Over the years, I’ve realized one of accountants’ most valued assets is time. Having more of it, or even spending less on tasks, opens the doors to a lot of possibilities to add higher-value services or just feel more organized and, let’s be honest, freer. But in order to achieve the aforementioned, systems need to be in place to allow this to happen.

You’ve all no doubt been hearing the benefits of automation in not only the reduction of time on tasks but also in helping to know the state of work and the ability to be “real time” with clients and staff. The problem occurs when firm leaders don’t know exactly What to automate, let alone switch from current tools or processes that, while inefficient or issue-ridden, they’ve just become accustomed to.

My suggestion is to begin with your biggest blockers, the things inside of your practice or processes that really could use the biggest overhaul. Only you know what gets in the way most or what could be better during the busiest times or just throughout the year. I am willing to bet there is a tool to improve how you work internally or with clients—anything that is slowing you down or causing the most frustration for you and your team. Start there and you will see that bar raised within a calendar year.

3. Change Your Pricing Structure

Notice I didn’t say “charge more.” Yes, I know this has been the rallying cry for all accountants, from tax preparers to bookkeepers and advisors. But it’s not quite that simple, is it? Raising fees comes along with any positive change to a pricing structure, but there’s a bit more involved than that. The good news is, with proper planning and direct thought on what prices you’d actually be raising and why, the bar will indeed be raised for your business.

First and foremost, if most or even some of how you get paid is hourly, know that, in no uncertain terms, this is tying you to volume work and not value work. The burnout the profession is experiencing year in and year out is largely caused by the sheer number of clients you need to work with in order to hit financial goals. This simply can’t be the case anymore.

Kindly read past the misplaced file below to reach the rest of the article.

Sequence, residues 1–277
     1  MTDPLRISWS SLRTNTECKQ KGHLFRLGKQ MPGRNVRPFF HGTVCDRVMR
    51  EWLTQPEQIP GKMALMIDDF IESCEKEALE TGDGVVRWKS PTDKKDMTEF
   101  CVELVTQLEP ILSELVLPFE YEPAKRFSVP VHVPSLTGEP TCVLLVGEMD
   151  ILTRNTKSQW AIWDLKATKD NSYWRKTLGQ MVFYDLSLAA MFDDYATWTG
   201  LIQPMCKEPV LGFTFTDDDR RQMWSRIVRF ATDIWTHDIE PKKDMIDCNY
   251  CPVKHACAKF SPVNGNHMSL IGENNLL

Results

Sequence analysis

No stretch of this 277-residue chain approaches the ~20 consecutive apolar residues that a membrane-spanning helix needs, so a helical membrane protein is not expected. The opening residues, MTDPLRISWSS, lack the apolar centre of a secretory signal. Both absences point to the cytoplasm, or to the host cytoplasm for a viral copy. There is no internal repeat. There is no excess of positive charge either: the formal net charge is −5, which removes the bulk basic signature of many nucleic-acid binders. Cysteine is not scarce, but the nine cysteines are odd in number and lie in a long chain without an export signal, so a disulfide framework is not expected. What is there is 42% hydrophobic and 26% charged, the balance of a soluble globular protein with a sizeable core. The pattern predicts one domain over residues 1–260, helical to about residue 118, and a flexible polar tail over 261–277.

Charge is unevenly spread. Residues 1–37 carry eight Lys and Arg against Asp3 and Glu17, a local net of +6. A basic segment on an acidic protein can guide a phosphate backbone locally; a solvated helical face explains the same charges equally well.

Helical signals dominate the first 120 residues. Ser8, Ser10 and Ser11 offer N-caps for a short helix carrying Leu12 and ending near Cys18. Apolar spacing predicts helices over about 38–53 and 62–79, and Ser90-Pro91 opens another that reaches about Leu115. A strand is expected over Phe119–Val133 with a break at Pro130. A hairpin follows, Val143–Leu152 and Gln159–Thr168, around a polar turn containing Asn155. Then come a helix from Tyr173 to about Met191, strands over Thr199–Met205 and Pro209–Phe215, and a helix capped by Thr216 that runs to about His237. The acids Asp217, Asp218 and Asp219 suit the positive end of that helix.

There is way too much evidence and use cases available in the market, and I’d wager among your closest colleagues that adjusting the structure of your pricing from fixed-fee, all the way up to subscription allows you to work with fewer clients while providing more value to them.  For some, fixed-fee does not quite cut it either.

Set tiers of pricing (3 is usually good, any odd number, to be honest) and have clients choose their level of service, you’ll find that they’ll pick what works best for them and you.


Look, none of this is prescriptive, and some, I’m willing to bet, you’ve heard before. Guess what? You’re hearing it again because you deserve better. Raising the bar on the kind of firm, nay, the kind of business you want to be, begins with making incremental changes, and the aforementioned, in my view, will begin to move the needle for you over the next year.

Leave a comment

Your email address will not be published. Required fields are marked *

9 − 1 =